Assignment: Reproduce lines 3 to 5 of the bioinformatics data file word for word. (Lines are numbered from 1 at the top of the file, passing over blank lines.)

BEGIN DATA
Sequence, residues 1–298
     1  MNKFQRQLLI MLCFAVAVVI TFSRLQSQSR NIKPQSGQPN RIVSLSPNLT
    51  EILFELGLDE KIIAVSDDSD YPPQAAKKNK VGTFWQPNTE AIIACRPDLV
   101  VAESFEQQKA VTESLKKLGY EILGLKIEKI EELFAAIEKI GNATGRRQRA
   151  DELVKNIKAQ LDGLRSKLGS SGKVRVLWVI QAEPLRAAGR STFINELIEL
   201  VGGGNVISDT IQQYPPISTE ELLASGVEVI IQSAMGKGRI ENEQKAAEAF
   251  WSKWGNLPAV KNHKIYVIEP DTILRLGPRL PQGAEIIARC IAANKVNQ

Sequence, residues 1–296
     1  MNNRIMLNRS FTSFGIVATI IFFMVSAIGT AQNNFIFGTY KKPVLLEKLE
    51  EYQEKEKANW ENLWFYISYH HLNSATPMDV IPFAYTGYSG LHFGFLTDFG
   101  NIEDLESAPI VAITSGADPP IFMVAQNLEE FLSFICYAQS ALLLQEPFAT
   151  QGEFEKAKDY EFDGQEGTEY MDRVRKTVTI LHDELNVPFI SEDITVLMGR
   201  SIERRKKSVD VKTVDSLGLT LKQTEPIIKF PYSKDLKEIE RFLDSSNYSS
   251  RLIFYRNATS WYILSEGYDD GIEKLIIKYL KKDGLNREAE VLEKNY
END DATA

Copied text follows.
    51  EILFELGLDE KIIAVSDDSD YPPQAAKKNK VGTFWQPNTE AIIACRPDLV
   101  VAESFEQQKA VTESLKKLGY EILGLKIEKI EELFAAIEKI GNATGRRQRA
   151  DELVKNIKAQ LDGLRSKLGS SGKVRVLWVI QAEPLRAAGR STFINELIEL